SMC Daniel Berkes Walking Tour Stop 2: Pre-Flight Base
Congratulations! You have found the historical marker for the site of the old Naval Pre-Flight Training School!
“In 1941, the College was in poor financial condition…way out in the county, small, known only for football. In December, with Pearl Harbor, it became clear that aircraft would be a major factor in the war. But there was no Air Force yet, leaving the Navy with its airplanes the whole story….but with few pilots. At the same time, college-age students would be enlisting in the Army which was bad news for Saint Mary’s. The Navy needed to start training pilots, and by Christmas of 1941 they had chosen the Universities of Iowa, Georgia and North Carolina, along with Saint Mary’s in the West, to serve as the four Preflight training schools. They took over nearly the whole campus, renamed buildings and went on for four years. The trainees learned navigation, life-saving, etc and then moved on to Pensacola for in-flight instruction. An enormous drill hall and the biggest indoor pool in the world were quickly put up, followed by dormitories, a shooting range, and buildings for a band and medical services. Meanwhile, the few remaining students and the Brothers moved into a building on the northeast corner and continued the college’s operation. One of the staff for the Navy was a young coach named Gerald Ford, who you may know became famous. At the end of the war, almost all of the Naval buildings were demolished, except for Assumption Hall.”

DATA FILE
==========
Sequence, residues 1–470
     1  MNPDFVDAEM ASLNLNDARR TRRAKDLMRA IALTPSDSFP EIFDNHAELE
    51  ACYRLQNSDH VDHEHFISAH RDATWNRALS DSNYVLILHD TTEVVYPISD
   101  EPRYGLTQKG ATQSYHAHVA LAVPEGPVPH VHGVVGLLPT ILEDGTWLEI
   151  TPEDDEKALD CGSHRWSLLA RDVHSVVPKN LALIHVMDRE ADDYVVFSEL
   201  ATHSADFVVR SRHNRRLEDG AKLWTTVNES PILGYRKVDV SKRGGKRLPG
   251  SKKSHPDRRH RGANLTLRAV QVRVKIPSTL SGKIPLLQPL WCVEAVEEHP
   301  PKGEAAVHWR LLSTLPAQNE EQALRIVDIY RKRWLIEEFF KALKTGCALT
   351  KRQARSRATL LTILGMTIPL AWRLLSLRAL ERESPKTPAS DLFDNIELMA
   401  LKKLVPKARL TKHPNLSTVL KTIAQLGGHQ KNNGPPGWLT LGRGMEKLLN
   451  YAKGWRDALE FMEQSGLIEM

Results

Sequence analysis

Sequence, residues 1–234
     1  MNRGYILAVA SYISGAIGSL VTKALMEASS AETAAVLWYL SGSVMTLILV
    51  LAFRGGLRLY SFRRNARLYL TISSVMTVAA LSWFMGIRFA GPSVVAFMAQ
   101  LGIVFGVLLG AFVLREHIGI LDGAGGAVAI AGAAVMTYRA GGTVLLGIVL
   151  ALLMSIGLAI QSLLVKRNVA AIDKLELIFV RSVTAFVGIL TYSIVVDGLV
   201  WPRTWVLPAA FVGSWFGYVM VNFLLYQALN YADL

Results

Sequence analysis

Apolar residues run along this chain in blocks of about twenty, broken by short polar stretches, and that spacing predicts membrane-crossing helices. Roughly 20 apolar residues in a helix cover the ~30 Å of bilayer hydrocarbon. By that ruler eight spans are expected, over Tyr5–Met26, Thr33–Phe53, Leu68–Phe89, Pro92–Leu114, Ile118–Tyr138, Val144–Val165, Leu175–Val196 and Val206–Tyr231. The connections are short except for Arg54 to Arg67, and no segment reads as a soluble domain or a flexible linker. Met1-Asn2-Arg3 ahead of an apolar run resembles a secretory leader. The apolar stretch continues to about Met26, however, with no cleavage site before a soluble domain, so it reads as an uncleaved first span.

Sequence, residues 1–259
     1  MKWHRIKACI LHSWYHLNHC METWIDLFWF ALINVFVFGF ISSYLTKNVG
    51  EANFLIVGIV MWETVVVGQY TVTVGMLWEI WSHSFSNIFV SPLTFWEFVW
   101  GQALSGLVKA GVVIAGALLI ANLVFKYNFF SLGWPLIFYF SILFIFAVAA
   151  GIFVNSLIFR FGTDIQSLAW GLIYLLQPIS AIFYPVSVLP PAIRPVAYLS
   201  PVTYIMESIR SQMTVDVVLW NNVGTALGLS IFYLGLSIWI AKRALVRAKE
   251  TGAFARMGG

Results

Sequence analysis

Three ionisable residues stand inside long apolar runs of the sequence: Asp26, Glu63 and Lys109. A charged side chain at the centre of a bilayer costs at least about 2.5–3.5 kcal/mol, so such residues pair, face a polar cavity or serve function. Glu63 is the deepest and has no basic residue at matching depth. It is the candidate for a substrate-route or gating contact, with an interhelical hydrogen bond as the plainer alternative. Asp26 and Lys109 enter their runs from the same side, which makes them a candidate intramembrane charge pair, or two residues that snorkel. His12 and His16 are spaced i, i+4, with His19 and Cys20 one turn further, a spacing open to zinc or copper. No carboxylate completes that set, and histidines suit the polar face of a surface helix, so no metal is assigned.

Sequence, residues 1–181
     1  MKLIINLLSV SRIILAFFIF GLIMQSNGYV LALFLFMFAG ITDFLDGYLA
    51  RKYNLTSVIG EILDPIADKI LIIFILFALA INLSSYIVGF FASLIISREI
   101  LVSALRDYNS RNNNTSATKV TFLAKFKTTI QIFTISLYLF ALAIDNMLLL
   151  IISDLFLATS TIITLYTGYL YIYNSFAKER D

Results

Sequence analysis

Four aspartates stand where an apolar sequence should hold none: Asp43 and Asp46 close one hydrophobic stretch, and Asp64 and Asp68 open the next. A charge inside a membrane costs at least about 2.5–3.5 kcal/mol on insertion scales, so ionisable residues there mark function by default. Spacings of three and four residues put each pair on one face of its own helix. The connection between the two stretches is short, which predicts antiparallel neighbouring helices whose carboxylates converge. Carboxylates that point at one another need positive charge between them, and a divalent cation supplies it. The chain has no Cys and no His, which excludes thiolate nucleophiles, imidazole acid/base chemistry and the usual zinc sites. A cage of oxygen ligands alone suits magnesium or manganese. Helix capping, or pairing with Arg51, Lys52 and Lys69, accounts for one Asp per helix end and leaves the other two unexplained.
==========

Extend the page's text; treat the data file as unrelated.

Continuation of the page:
The above paragraph was written by Brother Raphael Patton, who passed away on December 6, 2021, during the development of this project. I decided not to change the paragraph at all in order to preserve his invaluable collaborations to this project. Thank you Brother Raphael, and may you rest in peace in the light of God’s kingdom.
Have you found the other two historical markers yet? If you want to learn more about the vibrant history of Saint Mary’s, try and find the other markers! Your hints are: Cottrell Field, and Rugby!
“An Historical Guide to the Campus: Saint Mary’s College.” Saint Mary’s Digital Commons